Credit and Finance for MSMEs: Small and micro enterprises (SMEs) in the country are going through elevated working capital pressures largely due to rising receivables with their buyers and lack of a similar increase in creditors, said ratings and research firm India Ratings & Research (Ind-Ra) on Thursday. According to the data of the top 1,500 non-financial large corporates analysed by Ind-Ra, the payables by top 10 large corporates to SMEs, as a share of their total payables, had jumped to 1.24 per cent in FY21 from 0.35 per cent in FY18, and 0.1 per cent in FY12.
The rise in payables was sharpest among the top 51-100 corporates to 2.76 per cent in FY21 from 0.12 per cent in FY15. “Although given the quantum of payables to SMEs is less significant as opposed to the total payables for large entities, it is onerous for SMEs,” Ind-Ra said in its study.
For instance, Goa-based Joseph Dsouza, who owns the dairy processing unit Dsouza Biotech, has faced the issue of pending receivables from its buyers on multiple occasions. “Currently we are facing the problem of delayed payments from one of our buyers who is a seafood processor. We are yet to receive payments for goods supplied and it is already overdue by a month. Last January also, our payments were stuck with another buyer who delayed it beyond 35-40 days while the company had informed us of the challenges it was facing in business that caused the delay in clearing dues,” Dsouza told Financial Express Online.
“It was a significant amount and the delay had disrupted our cash flows. To manage the situation, we made some additional borrowings against securities from our bank,” he added without disclosing details.
The increase in receivables was largely due to the higher commodity prices, particularly key inputs such as steel, cement and crude derivatives, along with delayed payments from their large customers. Additionally, credit terms from their key suppliers have not been extended, according to the analysis.
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The sectoral data indicated the sectors such as consumer durables, capital goods, electricals, automobiles & ancillaries that faced high financial challenges due to Covid showed a higher degree of increase in payables to SMEs as a percentage of the total payables than the less affected ones.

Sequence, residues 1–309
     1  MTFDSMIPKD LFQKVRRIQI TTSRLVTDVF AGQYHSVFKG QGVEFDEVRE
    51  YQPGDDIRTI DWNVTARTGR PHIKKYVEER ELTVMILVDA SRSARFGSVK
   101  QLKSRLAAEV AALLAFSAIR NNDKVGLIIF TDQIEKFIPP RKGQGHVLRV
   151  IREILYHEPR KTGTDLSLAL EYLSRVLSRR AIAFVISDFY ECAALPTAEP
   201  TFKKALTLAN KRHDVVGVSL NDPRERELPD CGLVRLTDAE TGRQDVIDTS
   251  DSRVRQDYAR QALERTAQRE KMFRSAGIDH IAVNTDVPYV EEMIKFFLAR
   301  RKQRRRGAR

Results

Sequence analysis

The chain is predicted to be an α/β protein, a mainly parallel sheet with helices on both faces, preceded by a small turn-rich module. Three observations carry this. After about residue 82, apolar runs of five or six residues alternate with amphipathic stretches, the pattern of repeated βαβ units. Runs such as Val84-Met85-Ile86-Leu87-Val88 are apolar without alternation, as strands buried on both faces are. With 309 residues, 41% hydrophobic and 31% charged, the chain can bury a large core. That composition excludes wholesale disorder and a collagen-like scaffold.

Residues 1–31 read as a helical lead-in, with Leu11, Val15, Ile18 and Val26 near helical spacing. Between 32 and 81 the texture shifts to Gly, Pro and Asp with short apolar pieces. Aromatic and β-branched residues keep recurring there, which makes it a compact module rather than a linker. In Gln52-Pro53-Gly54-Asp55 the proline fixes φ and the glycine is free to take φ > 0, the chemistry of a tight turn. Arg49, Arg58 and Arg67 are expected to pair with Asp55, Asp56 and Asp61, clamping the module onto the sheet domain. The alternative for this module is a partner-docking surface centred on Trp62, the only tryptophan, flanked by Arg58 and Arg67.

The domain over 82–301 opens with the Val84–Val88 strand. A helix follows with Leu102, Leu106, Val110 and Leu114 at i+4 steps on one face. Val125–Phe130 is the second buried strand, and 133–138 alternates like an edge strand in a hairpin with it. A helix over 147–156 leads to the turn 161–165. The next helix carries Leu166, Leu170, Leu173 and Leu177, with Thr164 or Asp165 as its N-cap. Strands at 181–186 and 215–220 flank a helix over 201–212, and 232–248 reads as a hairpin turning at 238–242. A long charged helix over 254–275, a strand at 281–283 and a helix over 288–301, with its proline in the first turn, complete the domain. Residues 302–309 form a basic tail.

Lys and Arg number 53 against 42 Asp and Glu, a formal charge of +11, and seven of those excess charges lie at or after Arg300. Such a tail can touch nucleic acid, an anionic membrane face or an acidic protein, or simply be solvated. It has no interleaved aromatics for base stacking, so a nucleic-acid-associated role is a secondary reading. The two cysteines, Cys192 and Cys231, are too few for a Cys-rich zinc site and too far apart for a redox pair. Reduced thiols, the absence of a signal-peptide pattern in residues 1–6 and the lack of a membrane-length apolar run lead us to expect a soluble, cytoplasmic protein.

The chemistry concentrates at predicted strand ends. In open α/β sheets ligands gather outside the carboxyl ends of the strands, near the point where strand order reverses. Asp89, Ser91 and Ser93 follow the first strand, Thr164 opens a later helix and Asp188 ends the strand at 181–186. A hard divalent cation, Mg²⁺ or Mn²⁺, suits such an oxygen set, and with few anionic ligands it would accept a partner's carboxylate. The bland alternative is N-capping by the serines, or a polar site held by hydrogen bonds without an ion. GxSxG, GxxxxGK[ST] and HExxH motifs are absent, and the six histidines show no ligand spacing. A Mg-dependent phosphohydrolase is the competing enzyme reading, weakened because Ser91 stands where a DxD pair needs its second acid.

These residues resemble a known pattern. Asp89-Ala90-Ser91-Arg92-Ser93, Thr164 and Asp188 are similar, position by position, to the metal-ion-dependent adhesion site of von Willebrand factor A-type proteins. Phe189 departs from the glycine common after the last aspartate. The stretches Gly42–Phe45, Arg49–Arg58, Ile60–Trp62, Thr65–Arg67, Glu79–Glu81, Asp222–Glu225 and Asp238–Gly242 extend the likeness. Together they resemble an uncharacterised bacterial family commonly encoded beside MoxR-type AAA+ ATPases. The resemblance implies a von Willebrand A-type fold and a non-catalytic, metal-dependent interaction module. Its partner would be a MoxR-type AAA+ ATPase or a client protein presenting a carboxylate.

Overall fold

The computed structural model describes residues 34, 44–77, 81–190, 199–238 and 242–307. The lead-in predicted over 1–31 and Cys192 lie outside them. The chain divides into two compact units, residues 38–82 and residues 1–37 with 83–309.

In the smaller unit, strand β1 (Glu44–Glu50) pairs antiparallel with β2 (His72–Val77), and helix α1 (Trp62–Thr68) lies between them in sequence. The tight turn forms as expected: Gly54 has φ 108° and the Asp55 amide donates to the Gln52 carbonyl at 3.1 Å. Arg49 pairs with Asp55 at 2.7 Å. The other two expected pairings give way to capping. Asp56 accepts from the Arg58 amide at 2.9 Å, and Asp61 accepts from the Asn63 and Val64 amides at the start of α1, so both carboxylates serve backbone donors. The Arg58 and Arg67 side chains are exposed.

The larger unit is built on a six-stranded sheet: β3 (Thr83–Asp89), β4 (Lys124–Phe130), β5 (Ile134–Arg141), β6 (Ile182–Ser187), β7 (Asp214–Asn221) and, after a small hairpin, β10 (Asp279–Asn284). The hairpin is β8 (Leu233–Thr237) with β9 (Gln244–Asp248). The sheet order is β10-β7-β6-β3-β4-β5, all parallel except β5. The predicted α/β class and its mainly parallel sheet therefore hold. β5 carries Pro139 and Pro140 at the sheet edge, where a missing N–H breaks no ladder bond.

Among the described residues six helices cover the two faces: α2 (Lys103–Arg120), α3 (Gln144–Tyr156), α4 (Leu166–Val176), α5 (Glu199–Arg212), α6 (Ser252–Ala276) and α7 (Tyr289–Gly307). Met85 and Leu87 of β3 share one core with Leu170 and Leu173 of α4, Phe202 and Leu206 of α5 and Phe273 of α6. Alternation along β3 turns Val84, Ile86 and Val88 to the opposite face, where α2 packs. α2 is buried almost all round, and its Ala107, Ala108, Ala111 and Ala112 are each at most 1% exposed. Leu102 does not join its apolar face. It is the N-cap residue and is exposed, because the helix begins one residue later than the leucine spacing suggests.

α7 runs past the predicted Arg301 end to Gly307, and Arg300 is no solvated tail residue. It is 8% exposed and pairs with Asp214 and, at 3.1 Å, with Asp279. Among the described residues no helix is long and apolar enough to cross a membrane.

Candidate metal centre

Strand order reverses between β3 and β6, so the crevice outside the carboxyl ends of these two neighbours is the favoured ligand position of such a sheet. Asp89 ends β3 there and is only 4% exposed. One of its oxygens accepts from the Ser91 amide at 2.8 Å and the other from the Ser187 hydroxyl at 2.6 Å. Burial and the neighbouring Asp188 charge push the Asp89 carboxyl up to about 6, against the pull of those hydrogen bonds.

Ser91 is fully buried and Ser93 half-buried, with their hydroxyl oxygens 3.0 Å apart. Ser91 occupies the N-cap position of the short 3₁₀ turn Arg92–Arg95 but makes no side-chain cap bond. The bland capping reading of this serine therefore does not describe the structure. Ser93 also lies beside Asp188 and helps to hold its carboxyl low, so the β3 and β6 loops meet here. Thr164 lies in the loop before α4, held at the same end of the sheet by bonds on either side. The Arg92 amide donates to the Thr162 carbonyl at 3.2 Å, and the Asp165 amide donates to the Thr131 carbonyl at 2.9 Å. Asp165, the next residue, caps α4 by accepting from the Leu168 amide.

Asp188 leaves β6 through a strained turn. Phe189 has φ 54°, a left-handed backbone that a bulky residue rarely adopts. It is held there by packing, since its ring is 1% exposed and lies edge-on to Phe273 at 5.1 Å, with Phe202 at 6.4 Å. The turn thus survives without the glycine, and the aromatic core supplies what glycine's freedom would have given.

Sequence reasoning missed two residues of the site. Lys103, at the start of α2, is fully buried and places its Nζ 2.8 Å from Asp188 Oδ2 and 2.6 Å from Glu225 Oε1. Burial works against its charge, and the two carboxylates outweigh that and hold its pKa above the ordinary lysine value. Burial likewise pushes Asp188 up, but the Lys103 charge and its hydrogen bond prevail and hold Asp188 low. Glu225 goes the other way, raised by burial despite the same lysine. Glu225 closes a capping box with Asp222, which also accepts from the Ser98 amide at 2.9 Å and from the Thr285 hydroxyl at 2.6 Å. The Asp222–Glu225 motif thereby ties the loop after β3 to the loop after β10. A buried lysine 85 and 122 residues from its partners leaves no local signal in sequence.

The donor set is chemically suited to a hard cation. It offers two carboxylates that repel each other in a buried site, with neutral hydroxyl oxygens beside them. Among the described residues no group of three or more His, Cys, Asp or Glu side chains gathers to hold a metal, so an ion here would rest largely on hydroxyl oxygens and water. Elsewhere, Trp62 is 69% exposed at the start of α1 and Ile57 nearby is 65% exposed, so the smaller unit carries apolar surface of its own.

“Generally, payment used to come in 35-45 days but now it takes over 90 days and even up to six months in some cases. I already have a few crores stuck in payments from various companies and PSUs. You have to continuously borrow capital from banks, pump in your own money, manage through rental incomes, etc., to sustain. We are now used to the problem and little can be done about it,” MV Ramesh Babu, CEO of Paramount Platers involved in chrome plating told Financial Express Online.
Going by the current trend of increasing receivables, the situation will only exacerbate SMEs’ challenges even as the government’s Emergency Credit Line Guarantee Scheme (ECLGS) had supported SMEs to cater to the increase in working capital requirements in FY21 and FY22, the study noted. While the extension of ECLGS could further alleviate some of the stress among SMEs, “the same would put further burden on their debt metrics. Moreover, not every entity would have unutilised limits available for incremental borrowings,” it added.